int* pInteger;
pInteger = &integer;

In this example, modifying *pInteger would be the same as changing integer.
However, pointers can also be used when you don''t know how many of something you need. For example, say you had a class that stored pictures along with associated data (size, bit depth, etc). One way to store these in a program would be to arbitrarily size an array of them. Since arrays are created the second you define them, this immediately uses a lot of space. If you used pointers, however, you could allocate space as you need it, wasting nothing. This is precisely what linked lists are for, by the way; want another photo? Just tack it on to the end of the list. I''ll leave making a linked list to another thread, though.

2. Poiners can be passed through functions instead of their variables. Instead of passing, say, a 100MB structure into a function (which means making a copy of the data for the function to work with), you can pass a 4 byte pointer to the original data. Much faster in the end, guaranteed.

3. If you plan on programming games, I suspect you''ll use an API such as OpenGL or DirectX (if you don''t use any APIs...well, God help you ). I don''t know about OpenGL, but DirectX uses pointers like crazy, so you''ll probably have to learn their syntax, if not their use, anyway.

If you still don''t get their overall use, letme put it this way...
Have you ever had one of those moments, where you''ve been sitting and staring at a problem for hours, and you''re about to nod off into Never-Never Land, when all of a sudden, something happens, a light goes on overhead, some angels start singing "Hallelujah!", and you smile a smile reserved for the greatest moments of your life, and everything suddenly came together in your mind? (Woah, my English teacher would have me dragged into the street and shot for that sentence ) Figuring out the use of pointers was my first programming-related moment. (Classes, OOP, and its use was my second.) Trust me, it''ll all come to you eventually. And you will smile. And all will be good.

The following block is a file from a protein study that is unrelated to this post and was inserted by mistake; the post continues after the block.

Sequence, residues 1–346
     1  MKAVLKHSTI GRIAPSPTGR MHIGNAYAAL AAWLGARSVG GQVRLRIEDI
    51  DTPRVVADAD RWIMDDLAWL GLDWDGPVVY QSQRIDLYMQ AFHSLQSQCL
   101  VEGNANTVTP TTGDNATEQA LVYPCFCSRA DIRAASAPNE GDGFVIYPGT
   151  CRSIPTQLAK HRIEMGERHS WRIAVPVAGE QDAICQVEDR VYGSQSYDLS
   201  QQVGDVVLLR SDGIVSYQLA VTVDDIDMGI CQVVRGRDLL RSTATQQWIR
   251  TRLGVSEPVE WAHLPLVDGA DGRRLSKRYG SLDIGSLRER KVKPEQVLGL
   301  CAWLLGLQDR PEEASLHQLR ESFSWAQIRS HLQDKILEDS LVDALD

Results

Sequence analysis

-Normie

PS. Those "moments" I went on about...what''s the word for those? Euphony?


I am a devout follower of the
"Lazy Programmer''s Doctrime"(tm)...
and I''m damned proud of it, too!
-----
"I came, I saw, I started making
games." ... If you''ll excuse
me, I must resume my search
for my long lost lobotomy stitches.

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Ahhh yes.... I remember that moment. My suggestion is not to try to understand how pointers work at a physical and intermediate level, but just in a more generalized, abstract way. And the moment will come, and you''ll slap your head and start laughing. Maybe that angel will be singing, too

The difference between pointers and the data they point to is just that...the pointer holds where something is, and the data itself is what something is. Try to understand this different between "what" and "where", and you will figure it out in no time.

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<controversial>Pointers are also the cause of 90% of the crashes in software today So many crashes are due to bad pointer dereferencing. Of course, this isn''t a problem with pointers, it''s a problem with the people that use them.</controversial>

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In regard to Kylotan''s post, one thing that I have trouble understanding when it comes to pointers is when to dereference or not. I can never remember when to put the little asterik thingy or to leave it off.

But then again, if you''ve read some of the other posts I''ve made or threads I''ve started, that should come as no surprise

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The primary use of the pointer that made me wake up to why they are useful is this: If you do not use pointers or references as parameters of your functions, it has to make a copy of each.

This really sucks, as above somewhere, if you are passing a large structure. Pointers negate that disadvantage by giving the function the address where the structure is located, so it can just read or change it at its convenience, without having to copy the whole structure itself.

For similar reasons, you can use pointers to functions. In game programming this applies generally to situations where you have hardware-specific code. If there is a function called throughout the game, especially if called often, and that function varies depending on the hardware on the user''s system, you don''t want to have to check which function to call every time you need it - ie -